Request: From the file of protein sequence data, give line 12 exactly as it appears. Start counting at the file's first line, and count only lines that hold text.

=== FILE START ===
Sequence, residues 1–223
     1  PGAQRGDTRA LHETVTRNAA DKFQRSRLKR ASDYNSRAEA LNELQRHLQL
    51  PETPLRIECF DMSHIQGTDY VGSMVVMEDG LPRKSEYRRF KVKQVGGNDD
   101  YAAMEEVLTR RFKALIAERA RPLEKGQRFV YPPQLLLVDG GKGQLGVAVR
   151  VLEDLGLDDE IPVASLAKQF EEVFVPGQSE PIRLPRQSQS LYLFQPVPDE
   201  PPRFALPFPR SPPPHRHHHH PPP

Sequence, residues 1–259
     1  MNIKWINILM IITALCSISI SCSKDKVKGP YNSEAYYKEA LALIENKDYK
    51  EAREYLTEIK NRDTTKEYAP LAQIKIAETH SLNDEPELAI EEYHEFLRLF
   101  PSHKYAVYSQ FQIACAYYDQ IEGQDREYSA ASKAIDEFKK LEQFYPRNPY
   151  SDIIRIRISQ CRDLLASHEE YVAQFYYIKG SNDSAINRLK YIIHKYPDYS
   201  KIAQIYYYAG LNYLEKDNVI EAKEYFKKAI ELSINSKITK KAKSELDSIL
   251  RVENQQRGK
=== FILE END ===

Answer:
   201  KIAQIYYYAG LNYLEKDNVI EAKEYFKKAI ELSINSKITK KAKSELDSIL